February 27th, 2015
How Much Can We Trust A President To Kill?
The drone/targeted killing debate is not as simplistic as either side of it would have you believe. I’m not even sure that there are clear and defined “sides” to this as we usually define such things.
I’m largely in favor of the policy, though I believe the administration does need more transparency and possibly more oversight. For what its worth, my perspective hasn’t changed from what it was during the Bush years. I favor a strong executive branch, with appropriate oversight from Congress no matter the party in charge.
My biggest quarrel with the Bush administration wasn’t necessarily over civil liberties, but that administration’s faltering efforts to fight terrorism. I felt that the invasion of Afghanistan was necessary, but the invasion of Iraq took time and resources away from the wider war against Al Qaeda-based terrorism.
I also felt it was a huge dodge of the Bush administration to claim that the goal in Afghanistan was more oriented around opening schools for girls and the like. It was about killing and capturing Al Qaeda, and not much else. (The inability to find WMD in Iraq also ushered in rounds of “but look, they’re voting” stories as well.)
In addition to being the cause of the unnecessary deaths of thousands of Americans and Iraqis, the Iraq War took away from the wider fight against Al Qaeda.
It’s impossible to go back and do this, but a lot of these questions would have been easily resolved if we had simply made a formal declaration of war against Al Qaeda after 9/11. We’ve gone to war against stateless entities before – The Barbary Wars – and had we formally declared war, many of the civil liberties issues are much clearer distinctions.
For instance, an American allied with Al Qaeda would very clearly be part of an enemy army and what we can and can’t do would be clearly defined. That didn’t happen, and its not going to happen now, 12 years later.
So we end up with drones and targeted killings and it becomes very messy, to say the least.
When I support something like this, I always have to think — would I also trust George W. Bush with this power? As I consider him one of the worst leaders in world history, it turns out to be a pretty good litmus test.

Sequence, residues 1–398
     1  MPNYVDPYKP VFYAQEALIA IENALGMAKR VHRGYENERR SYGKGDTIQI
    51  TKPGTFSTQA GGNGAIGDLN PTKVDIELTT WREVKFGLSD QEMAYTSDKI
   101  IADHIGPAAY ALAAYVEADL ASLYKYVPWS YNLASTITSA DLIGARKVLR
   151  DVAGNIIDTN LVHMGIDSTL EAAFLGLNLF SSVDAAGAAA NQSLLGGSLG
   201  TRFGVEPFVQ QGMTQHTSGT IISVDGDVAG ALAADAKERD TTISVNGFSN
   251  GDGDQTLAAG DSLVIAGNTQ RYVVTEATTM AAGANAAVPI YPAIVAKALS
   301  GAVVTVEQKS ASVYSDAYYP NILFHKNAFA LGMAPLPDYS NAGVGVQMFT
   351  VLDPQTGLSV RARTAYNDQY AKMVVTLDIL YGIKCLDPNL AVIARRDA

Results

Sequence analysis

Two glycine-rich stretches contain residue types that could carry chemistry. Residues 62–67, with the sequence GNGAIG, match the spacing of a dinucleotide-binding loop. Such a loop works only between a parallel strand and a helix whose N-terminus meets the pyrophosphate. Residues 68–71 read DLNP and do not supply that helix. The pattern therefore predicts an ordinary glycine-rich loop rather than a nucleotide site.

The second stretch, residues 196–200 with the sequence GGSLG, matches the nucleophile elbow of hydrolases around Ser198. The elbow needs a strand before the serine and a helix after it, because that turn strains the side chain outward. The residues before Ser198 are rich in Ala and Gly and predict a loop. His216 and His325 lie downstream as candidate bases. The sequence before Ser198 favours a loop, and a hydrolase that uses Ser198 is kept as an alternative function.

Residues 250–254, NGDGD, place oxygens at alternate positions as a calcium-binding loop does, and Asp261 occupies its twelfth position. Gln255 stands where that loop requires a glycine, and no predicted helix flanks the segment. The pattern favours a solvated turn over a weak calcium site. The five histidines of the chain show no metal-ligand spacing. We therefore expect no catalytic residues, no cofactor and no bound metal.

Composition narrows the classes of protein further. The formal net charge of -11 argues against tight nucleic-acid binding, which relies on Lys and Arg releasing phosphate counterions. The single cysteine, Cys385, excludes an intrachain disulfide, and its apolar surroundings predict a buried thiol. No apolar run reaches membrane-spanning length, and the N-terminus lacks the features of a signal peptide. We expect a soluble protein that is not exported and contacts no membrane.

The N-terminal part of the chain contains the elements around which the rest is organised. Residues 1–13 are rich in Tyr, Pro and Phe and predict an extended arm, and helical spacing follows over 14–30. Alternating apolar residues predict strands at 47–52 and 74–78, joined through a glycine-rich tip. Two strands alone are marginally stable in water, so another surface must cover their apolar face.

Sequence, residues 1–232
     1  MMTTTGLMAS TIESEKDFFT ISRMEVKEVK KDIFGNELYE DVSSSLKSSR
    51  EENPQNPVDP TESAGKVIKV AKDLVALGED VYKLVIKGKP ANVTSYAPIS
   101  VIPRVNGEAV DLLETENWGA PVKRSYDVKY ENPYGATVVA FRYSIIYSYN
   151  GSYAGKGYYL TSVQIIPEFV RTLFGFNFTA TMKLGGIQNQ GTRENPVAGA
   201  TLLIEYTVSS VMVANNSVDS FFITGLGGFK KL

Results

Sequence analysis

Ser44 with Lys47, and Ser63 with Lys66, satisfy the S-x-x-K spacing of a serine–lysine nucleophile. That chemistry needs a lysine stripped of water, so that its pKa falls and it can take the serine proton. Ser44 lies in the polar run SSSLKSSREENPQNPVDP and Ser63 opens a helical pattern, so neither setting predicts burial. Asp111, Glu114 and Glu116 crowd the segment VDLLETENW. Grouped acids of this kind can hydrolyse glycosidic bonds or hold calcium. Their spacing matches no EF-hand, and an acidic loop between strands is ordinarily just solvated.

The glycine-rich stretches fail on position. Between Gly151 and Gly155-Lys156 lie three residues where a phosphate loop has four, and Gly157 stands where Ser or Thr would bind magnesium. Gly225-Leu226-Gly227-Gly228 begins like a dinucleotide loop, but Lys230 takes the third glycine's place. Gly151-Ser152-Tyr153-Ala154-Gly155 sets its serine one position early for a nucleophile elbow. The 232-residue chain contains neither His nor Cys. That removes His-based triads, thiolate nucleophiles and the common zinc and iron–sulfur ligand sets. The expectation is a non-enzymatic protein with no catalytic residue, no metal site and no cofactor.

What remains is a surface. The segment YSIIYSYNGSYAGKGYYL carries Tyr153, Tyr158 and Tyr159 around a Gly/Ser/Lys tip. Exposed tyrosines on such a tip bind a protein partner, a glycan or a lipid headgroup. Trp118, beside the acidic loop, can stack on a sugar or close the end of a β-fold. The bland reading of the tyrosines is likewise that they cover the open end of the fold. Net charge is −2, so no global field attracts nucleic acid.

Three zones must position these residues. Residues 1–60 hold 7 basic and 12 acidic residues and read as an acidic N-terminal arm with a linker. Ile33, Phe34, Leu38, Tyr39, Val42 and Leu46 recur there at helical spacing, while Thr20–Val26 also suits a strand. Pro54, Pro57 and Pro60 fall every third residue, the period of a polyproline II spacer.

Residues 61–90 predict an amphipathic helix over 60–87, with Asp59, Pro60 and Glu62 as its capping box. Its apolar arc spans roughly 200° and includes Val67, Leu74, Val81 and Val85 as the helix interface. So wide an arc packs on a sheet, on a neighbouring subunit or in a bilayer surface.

But I did, in fact, support policies like this under Bush. The fight to destroy Al Qaeda has, and should, transcend party while also adhering to our rules of law.
I also feel like one of the arguments against Obama doing this is based on wishful thinking. I often hear people describe Obama as “anti-war” but that’s patently incorrect. Obama was against the Iraq War, but not the concept of war. He said it himself in 2002 as he opposed the Iraq War at a rally in Illinois:
Good afternoon. Let me begin by saying that although this has been billed as an anti-war rally, I stand before you as someone who is not opposed to war in all circumstances. The Civil War was one of the bloodiest in history, and yet it was only through the crucible of the sword, the sacrifice of multitudes, that we could begin to perfect this union, and drive the scourge of slavery from our soil. I don’t oppose all wars.
My grandfather signed up for a war the day after Pearl Harbor was bombed, fought in Patton’s army. He saw the dead and dying across the fields of Europe; he heard the stories of fellow troops who first entered Auschwitz and Treblinka. He fought in the name of a larger freedom, part of that arsenal of democracy that triumphed over evil, and he did not fight in vain. I don’t oppose all wars.
After Sept. 11, after witnessing the carnage and destruction, the dust and the tears, I supported this administration’s pledge to hunt down and root out those who would slaughter innocents in the name of intolerance, and I would willingly take up arms myself to prevent such tragedy from happening again. I don’t oppose all wars. And I know that in this crowd today, there is no shortage of patriots, or of patriotism.
What I am opposed to is a dumb war. What I am opposed to is a rash war. What I am opposed to is the cynical attempt by Richard Perle and Paul Wolfowitz and other armchair, weekend warriors in this administration to shove their own ideological agendas down our throats, irrespective of the costs in lives lost and in hardships borne.
This is very clear. This is not ambiguous and yet some people were reaching for the fainting couch as Obama increased our presence in Afghanistan — even as he ended the war in Iraq, as promised. I still don’t understand how people just heard what the heck they wanted to hear.
For me, the question of drone warfare and targeted killing comes down to this: Do we expend American lives and engage in long wars with an enemy who will never sit down at a table to sign a treaty? Or do we use technology and do what we can — accepting the loss of innocent lives that comes along with this uncertainty — to eliminate the members of the organization who wants to destroy us and our allies?
That’s why I would support that type of warfare, under leadership of either party. Under this president we’ve eliminated more Al Qaeda than ever. Their capacity to do us harm has considerably diminished and we aren’t involved in military distractions that lead to loss of life and security. It isn’t perfect, and whenever we can do better we should. But given the choice, this is the best path to be on.
February 27th, 2015
February 27th, 2015